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Panama Canal Second Crossing

Panama City, Panama

Market Sector




Services Provided

Design, Seismic Analysis and Design



The Ministry of Public Works of Panama (MOP) selected T.Y. Lin International to provide a feasibility study, as well as preliminary and final design services for the concrete cable-stayed Second Crossing of the Panama Canal. With a total superstructure length of 3,450 feet, the Second Crossing is the world’s third-longest concrete cable-stayed span and the longest concrete cable-stayed bridge span in the Americas. T.Y. Lin International also provided field construction support for the fast-track final design during construction.

Project Highlights:

  • World’s third-longest concrete cable-stayed span and the longest concrete cable-stayed bridge span in the Americas.
  • A successful fast-track design schedule enabled the project to be completed in just 22 month, nearly five months ahead of the initial construction schedule.

To complete construction within the 27-month schedule, T.Y. Lin International carried out the bridge design to 30 percent before construction bidding began. When the contractor was selected, T.Y. Lin International completed the design in conjunction with construction, similar to the design/build process. To expedite completion of the bridge and to ensure no disruption to Panama Canal ship traffic, the balanced cantilever construction of the cast-in-place, concrete deck began shortly after the pylon construction reached elevation above the deck. Because the pylons, approach spans, and main span were constructed simultaneously, the project was actually completed in 22 months, nearly 5 months ahead of the initial construction schedule.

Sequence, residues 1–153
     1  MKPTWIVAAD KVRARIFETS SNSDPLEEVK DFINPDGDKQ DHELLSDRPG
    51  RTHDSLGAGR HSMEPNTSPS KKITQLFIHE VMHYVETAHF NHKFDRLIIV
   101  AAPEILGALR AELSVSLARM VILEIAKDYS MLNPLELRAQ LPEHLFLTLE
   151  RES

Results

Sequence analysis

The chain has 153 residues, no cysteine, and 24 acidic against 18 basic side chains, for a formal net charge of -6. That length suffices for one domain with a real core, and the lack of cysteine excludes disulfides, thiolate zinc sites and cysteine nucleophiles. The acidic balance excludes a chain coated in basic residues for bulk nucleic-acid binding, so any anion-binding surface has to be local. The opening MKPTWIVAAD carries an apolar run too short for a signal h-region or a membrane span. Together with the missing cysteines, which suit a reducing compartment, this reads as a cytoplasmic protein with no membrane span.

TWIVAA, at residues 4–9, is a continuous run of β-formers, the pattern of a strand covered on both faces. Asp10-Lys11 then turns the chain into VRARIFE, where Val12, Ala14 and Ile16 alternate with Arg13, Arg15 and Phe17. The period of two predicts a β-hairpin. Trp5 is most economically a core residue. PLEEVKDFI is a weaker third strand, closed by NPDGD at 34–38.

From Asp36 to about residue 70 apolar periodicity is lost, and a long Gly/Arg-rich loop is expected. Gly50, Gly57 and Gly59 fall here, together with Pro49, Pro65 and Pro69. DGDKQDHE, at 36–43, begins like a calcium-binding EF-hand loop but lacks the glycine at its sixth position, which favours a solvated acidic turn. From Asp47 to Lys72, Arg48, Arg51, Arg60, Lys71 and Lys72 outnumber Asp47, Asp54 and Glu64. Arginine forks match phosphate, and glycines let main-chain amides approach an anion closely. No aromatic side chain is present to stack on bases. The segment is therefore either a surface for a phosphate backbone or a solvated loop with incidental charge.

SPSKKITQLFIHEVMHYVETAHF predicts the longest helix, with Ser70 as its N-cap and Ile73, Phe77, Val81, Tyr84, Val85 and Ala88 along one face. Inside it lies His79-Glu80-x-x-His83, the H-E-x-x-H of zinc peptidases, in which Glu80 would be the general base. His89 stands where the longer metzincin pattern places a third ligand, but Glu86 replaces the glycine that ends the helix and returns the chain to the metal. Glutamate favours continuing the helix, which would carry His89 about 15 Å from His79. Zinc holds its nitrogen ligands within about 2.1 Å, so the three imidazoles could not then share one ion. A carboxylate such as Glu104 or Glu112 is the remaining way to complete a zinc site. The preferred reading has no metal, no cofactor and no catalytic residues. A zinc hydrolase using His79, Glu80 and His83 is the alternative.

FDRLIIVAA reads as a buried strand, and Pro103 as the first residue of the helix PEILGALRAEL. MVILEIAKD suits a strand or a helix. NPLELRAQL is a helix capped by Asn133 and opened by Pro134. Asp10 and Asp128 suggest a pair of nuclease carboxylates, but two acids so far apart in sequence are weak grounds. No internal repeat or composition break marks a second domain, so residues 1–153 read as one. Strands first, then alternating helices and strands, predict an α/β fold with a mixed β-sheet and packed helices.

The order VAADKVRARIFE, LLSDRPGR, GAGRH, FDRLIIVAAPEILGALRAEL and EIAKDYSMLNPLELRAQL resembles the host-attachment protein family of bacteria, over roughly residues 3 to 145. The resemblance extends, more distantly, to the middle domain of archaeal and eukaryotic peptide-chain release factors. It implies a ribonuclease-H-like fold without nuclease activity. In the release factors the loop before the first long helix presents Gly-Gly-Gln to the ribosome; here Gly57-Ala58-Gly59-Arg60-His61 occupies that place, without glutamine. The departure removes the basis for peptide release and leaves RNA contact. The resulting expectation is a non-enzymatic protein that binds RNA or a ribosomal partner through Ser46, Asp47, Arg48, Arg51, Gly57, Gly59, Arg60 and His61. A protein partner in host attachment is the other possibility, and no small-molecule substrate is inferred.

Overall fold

The 1,378-foot main span consists of two 614-foot single-mast concrete towers with one central plane of cables in the middle of the deck. The side spans on each tower are 656 feet long, and the superstructure is a continuous concrete box girder between abutments. The west tower and west approach structures were constructed over the soft soil layers of the “Cucaracha Formation,” a form of clay shale that is prone to landslides. For this reason, depth foundations consisting of CIDH drilled shafts 6.5-foot-in-diameter from 131 feet to 197 feet long were used. For the foundation on the east sides of the bridge, shorter 9.8-foot-diameter CIDH pile foundations were used. With a clearance of 262 feet, the record-span bridge provides ample clearance for ships navigating the Panama Canal. Construction was complete in 2004, and with the opening of a new highway system, the six-lane bridge is now a fitting symbol commemorating 100 years of Panamanian independence.

Merit Award, 2007
Consulting Engineers and Land Surveyors of California (CELSOC)
Bridge Award of Excellence, 2005
American Segmental Bridge Institute (ASBI)